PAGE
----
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In case you missed it on Dr. Oz, the cure for Alzheimer’s (and quite possibly other types of cognitive decline) has arrived, only it’s not so much a pill or even an immunotherapy as it is a wholesale lifestyle change. Think clean eating, loads of healthful oils, 12-hour fasting, physical activity and probably something along the lines of Emotional Freedom techniques--particularly if you’ve grown up in a culture that discourages emotional expression and personal authenticity. Goodbye, Aricept, chain restaurants and packaged foods; hello, bone broth, home cooking and evening strolls. Dr. Dale Bredesen, the lead author in this research at the Buck Institute (Novato, CA) boasts a growing cadre of nearly 1,000 middle aged and elderly adults who have turned the table on Alzheimer’s by faithfully adopting his ReCODE protocol. They meet regularly to share their progress and you can too (or merely join as a voyeur) at, named after the gene associated with an increased risk for the disease. His MPI Cognition site is also kind of cool, at

That’s the good news. The asterisk to all this is that in contrast to similar “Heal your gut, heal your life” prescriptions of best-selling Wheat Belly and Plant Paradox seen-the-light cardiologists (eliminate gluten for weight loss and chronic pain syndromes; eliminate lectins entirely to free yourself of autoimmune diseases, “bone on bone” arthritis-mediated cartilage loss and neurodegenerative disorders, respectively), where once you’ve restored the integrity of your small bowel you can gradually return to a less restrictive gastronomical life, Bredesen’s experience has been that even his most successful acolytes quickly regress-- cognition-wise-- once they divert from the program. Which begs a question few may have anticipated, not just with Alzheimer’s but for all of these “reversible” chronic illnesses: “Can we call it a cure if only a few people can manage (or afford) to stick with the program?”

It is true that most realistic, well informed and thoughtful scientists (with minimal dependence on pharma or even NIH funding, or at least the ability to thrive without it) would concede that few to none of these so-called lifestyle-induced chronic illnesses will be successfully treated let alone cured by drug therapy. Kiss your silver bullet, reductionist germ theory of disease goodbye-- as Bredesen does, after conceding how he clung stubbornly to it for decades like the man of science he was trained to be, on page 247 of his book, The End of Alzheimer’s. But what then do we do with this (not so) new, harsh reality?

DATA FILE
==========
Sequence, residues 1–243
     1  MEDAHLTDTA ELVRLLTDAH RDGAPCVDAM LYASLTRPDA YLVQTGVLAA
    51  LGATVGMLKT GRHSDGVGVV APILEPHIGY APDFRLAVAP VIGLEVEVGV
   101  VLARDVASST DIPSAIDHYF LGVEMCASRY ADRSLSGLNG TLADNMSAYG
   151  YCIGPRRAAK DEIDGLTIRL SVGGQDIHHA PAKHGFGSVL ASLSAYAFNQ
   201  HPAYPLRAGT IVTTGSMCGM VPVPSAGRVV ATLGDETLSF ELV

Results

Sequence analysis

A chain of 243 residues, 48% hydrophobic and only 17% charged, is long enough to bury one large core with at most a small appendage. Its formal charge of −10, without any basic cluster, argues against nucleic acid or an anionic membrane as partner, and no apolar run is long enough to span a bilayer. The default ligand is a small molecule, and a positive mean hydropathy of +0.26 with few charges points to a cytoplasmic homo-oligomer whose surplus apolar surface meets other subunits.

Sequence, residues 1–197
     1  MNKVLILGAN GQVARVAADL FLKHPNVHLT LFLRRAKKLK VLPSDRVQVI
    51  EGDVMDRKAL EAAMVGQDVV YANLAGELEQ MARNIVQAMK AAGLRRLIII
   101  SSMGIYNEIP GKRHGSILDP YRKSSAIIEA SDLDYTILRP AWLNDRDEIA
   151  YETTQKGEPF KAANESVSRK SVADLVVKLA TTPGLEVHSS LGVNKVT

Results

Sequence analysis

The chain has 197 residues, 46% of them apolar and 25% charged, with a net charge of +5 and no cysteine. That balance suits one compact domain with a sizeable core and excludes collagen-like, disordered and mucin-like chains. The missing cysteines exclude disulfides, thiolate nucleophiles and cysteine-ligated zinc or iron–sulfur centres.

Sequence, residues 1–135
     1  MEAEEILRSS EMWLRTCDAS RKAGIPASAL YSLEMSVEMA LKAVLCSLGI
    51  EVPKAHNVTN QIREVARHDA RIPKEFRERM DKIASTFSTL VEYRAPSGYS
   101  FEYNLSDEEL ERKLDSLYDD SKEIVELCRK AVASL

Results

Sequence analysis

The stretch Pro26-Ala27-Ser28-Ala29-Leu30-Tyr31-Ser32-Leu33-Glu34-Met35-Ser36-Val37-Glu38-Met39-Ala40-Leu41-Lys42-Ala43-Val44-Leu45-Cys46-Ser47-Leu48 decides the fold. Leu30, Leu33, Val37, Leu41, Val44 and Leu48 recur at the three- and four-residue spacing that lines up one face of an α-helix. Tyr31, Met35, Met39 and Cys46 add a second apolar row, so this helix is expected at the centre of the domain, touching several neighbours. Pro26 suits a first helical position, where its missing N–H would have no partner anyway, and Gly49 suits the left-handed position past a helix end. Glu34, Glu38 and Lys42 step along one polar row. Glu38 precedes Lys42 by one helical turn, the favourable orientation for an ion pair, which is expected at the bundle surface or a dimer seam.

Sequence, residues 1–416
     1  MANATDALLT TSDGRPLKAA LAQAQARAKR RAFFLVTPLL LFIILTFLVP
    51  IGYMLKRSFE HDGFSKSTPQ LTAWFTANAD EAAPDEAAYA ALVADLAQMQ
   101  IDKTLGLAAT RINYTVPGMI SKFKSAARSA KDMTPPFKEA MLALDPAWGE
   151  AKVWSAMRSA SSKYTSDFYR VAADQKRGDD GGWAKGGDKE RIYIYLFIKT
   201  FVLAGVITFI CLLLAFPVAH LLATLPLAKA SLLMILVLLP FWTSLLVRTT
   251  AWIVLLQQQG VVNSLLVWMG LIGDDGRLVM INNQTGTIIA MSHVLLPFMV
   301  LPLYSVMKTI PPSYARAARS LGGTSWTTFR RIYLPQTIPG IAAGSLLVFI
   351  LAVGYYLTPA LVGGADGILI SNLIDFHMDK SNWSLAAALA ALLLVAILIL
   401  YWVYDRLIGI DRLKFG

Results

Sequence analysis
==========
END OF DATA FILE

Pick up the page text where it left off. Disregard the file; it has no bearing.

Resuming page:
At some point (I know, “duh...”), economic and class considerations come into play: folks with the money, leisure time, Cadillac insurance coverage and research skills will both find out about and be able to do it; those who don’t, for the most part, won’t.What really needs to happen is that government and industry need to lead the way, both in protecting us from a disease-causing food supply and by supporting wellness in the workplace—including adequate time away from work to properly take care of ourselves and our families. Hospitals, schools, community and senior centers, even houses of workshop need to get on board too. It takes a village, and all that.In the meantime, we’re sort of left with harm reduction and enlightened coping strategies. Do what you can and track your numbers (see table). There’s a helpful overlap or convergence with a lot of these approaches (weight loss, cardiovascular and cognitive health, even cancer prevention), but other than keeping tabs on blood glucose and lipids, most of these tests do not figure into the standard blood work your doctor orders, so you’ll either need to speak your peace or order (and probably pay for) them yourself online at sites like directlabs.comand

Nobody, I suspect, wants to hear a story about someone else’s pet, but that won’t stop me: Eleven-year-old Jack Russell terrier. Her incorrigible hyper-vigilance keeps her trim, but at “77 in human years” she began to develop cloudy eyes and ambulation challenges I can only surmise were due to osteoarthritis or some other sort of inflammatory condition of her hips. (She could, for example, no longer jump up onto the sofa or even climb the stairs up to the bedroom and required assistance.) Within two weeks of ditching her healthful enough (or so I thought) grain-free kibble for a more (very) expensive one from animals (so far only cattle and lamb) that instead of being fed GMO corn, soy and god knows what spent their lives grazing as they were meant to… her hip problems resolved, her eyes cleared and she even regained much of her puppy energy and playfulness. Those tempted to attribute this to coincidence, absent a suitable control, as I might, we once or twice reverted to the less expensive feedlot-sourced meat and the health problems returned. So at least for me, cause and effect have been convincingly established.

I guess what I’m suggesting is this: If you don’t care enough for yourself (or are merely unconvinced or overwhelmed by the Pain:Gain ratio of Terry Wahls’*, William Davis’, Tim Gundry’s and now Dale Bredesen’s proposed prescriptions), try some of these “biohacks” on your domestic companion. It might turn out, as it did with me, that you only really become a believer once you witness these never-imagined-possible transformations in someone you care for. And then, that thrill -- that spark of newfound possibility-- might just be enough to convince you to try out something similar on yourself.

* Terry Wahls is a physician in Iowa who famously cured herself of advanced MS by eating this way. She wrote about it in her 2014 book, The Wahls Protocol.

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